During a live stream of a surgery, students are connected with video and audio to the Operating Room in the UoL Jewish Hospital. BlueJeans video conferencing enables two-way interaction between the medical team and the students throughout the procedure. Tim shared that the interaction is one of the key parts of the program. Often the surgeons quiz the students about different topics regarding the human anatomy. Students take advantage of talking directly to a surgeon by asking about different aspects of a career in medicine such as the time and effort required to become a doctor, questions about the surgery and so on.
Tim hopes this program can help students get curious and interested in the field of medicine, healthy living, and the human anatomy. Tim and his team have scaled up operations to reduce costs and provide the live stream to more schools without having the students come to a specific site. Schools from other states such as Tennessee and Montana have also participated in this program. With the recent school closures in place, Tim hopes to provide this program remotely so that students can participate from their homes.
Thanks Tim and the University of Louisville Telehealth team for sharing your innovative initiatives with us!
We were also joined by my awesome colleagues Kandasamy Muniasamy, Director of Information Security at BlueJeans and Ted Tracy, VP of Engineering at BlueJeans to answer questions from an engaged audience:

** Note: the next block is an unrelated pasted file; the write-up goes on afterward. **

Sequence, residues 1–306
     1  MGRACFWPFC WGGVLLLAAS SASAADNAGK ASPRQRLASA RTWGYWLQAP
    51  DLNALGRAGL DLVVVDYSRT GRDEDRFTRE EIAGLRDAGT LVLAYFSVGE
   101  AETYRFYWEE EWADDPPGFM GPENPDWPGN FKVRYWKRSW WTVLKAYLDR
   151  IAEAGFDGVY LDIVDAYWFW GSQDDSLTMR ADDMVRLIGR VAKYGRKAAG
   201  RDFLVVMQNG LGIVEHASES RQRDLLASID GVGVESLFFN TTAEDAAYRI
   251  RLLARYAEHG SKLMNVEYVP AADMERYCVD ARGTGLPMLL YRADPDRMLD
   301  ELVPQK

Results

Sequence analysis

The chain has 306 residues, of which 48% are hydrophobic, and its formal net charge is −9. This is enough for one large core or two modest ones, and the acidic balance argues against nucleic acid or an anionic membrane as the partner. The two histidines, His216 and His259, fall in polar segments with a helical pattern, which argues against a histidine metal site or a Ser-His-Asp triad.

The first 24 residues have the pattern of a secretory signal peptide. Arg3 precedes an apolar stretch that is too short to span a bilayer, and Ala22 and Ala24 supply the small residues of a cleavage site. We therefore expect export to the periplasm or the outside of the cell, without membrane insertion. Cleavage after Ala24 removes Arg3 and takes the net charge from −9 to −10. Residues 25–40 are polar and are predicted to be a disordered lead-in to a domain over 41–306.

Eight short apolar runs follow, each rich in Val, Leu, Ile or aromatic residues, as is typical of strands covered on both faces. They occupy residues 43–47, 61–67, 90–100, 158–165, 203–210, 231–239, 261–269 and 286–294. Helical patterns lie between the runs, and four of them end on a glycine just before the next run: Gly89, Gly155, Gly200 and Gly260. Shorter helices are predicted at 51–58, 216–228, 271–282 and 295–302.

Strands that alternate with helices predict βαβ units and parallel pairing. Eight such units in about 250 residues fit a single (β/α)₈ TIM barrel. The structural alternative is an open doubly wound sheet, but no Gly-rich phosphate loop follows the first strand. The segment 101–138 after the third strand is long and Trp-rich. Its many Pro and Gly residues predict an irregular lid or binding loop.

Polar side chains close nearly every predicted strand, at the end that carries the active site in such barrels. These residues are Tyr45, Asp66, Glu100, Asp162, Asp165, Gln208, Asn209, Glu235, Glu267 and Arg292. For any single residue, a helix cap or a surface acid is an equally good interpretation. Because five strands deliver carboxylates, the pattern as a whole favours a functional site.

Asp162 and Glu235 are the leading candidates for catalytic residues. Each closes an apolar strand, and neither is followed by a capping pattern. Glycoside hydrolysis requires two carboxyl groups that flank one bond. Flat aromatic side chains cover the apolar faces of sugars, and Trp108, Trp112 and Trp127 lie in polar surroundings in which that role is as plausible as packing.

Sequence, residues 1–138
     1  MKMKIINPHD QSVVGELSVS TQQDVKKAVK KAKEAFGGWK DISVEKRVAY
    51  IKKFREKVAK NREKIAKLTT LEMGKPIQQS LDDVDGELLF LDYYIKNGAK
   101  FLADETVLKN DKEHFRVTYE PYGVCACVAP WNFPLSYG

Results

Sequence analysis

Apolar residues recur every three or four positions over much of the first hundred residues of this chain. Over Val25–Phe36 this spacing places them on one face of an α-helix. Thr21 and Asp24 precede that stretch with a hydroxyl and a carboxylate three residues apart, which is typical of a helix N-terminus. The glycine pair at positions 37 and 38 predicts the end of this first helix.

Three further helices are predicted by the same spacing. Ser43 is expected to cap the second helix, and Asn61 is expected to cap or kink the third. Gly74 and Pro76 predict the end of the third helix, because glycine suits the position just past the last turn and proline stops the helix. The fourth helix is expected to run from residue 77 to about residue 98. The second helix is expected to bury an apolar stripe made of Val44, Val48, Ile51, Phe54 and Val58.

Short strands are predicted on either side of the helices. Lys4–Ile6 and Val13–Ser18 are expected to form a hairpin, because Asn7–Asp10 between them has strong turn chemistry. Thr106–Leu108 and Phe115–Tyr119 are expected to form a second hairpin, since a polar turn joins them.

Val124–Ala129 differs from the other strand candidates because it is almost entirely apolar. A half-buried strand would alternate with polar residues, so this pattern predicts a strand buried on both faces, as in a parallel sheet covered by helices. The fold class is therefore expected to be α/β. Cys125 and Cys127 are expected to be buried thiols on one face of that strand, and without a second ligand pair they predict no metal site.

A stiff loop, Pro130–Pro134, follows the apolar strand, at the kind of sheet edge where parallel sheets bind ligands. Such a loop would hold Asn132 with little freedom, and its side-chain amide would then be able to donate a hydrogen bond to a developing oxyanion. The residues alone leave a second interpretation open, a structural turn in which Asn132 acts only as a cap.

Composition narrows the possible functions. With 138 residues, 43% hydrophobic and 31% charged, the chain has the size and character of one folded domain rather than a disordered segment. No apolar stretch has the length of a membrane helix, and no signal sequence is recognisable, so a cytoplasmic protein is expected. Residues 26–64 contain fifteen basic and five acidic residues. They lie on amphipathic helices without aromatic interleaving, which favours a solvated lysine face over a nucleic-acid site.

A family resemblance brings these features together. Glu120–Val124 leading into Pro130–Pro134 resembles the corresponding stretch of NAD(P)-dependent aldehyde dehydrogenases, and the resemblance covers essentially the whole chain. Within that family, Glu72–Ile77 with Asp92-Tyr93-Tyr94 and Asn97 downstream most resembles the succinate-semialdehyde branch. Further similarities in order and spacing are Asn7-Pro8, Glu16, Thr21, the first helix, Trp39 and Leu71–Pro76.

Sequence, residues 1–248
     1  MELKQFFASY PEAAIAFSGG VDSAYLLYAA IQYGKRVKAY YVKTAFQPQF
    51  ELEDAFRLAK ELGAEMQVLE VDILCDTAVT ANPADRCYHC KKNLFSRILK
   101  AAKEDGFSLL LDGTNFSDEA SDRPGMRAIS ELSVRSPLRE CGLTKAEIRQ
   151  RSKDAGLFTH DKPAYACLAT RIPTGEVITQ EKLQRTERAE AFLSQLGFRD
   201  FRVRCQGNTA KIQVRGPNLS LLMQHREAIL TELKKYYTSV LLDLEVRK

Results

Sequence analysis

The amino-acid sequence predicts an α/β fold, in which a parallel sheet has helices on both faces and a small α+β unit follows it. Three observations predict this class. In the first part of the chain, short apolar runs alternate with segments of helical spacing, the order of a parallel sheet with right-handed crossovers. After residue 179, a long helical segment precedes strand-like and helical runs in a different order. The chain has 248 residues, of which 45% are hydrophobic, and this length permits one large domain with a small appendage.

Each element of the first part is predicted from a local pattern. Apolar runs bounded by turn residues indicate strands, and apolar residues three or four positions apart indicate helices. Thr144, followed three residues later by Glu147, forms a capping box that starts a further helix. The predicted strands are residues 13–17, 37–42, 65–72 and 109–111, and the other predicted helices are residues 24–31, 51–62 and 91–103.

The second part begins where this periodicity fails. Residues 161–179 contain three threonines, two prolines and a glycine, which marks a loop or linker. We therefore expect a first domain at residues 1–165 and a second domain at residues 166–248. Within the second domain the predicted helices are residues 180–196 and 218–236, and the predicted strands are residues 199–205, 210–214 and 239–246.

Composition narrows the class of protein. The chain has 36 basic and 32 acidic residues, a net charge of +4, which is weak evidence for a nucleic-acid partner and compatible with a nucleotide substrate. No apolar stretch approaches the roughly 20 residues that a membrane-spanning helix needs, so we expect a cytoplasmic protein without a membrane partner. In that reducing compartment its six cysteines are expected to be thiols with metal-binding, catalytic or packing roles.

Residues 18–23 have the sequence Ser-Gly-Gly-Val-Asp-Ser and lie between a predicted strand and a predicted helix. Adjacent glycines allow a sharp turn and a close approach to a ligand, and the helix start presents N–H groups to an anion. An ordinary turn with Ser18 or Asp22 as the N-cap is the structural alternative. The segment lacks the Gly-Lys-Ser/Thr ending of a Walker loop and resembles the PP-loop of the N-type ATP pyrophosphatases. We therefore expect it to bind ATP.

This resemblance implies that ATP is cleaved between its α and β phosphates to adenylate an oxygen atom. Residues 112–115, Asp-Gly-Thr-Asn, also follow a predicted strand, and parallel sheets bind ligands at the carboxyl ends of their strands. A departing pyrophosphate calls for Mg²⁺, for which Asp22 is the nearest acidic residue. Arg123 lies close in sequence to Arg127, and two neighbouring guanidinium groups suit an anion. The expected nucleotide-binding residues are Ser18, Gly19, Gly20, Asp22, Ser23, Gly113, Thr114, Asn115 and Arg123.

Do you set up a BlueJeans transmission to receive the hospital feeds and feed that to the location where the students are?
Tim Bickel: With BlueJeans since it is a cloud-based system, all the different locations – the operating room, the three viewing rooms in the Kentucky Science Center – call into the cloud for the event. I will sit in my office and monitor in case there are any technical issues. It’s been dependable all these years and we haven’t had too many problems. Occasionally there may be a network issue with a school. Since we have been using BlueJeans, we haven’t needed to have the schools, especially those based in rural Kentucky, drive for hours to come onsite to the Science Center. We just do a test run with these schools prior to the actual live event to make sure it’s all working.
Who had the original idea for this program?
Tim Bickel - I’m not sure! I believe we had a surgeon who had the idea to work with the Science Center. But they didn’t know how to broadcast live surgeries. We have another event where we broadcast a minimally invasive surgery by one of our Ob-Gyns – we actually broadcast that in five continents, in 24 countries to a couple of hundred participants. So, this wasn’t anything really new for me, and it was easy to do with BlueJeans.
Is the resolution for BlueJeans high enough for the live streaming of a surgery? What other features do you wish to see in the future?
Tim Bickel: We will increase access to the program to our students who are now learning from their homes so we will have to scale it up in order to enable a lot more students participating individually.
Ted Tracy: Today our video is oriented around 720p. We are working on some advanced architecture updates to deliver 1080p in the near future, so stay tuned for that.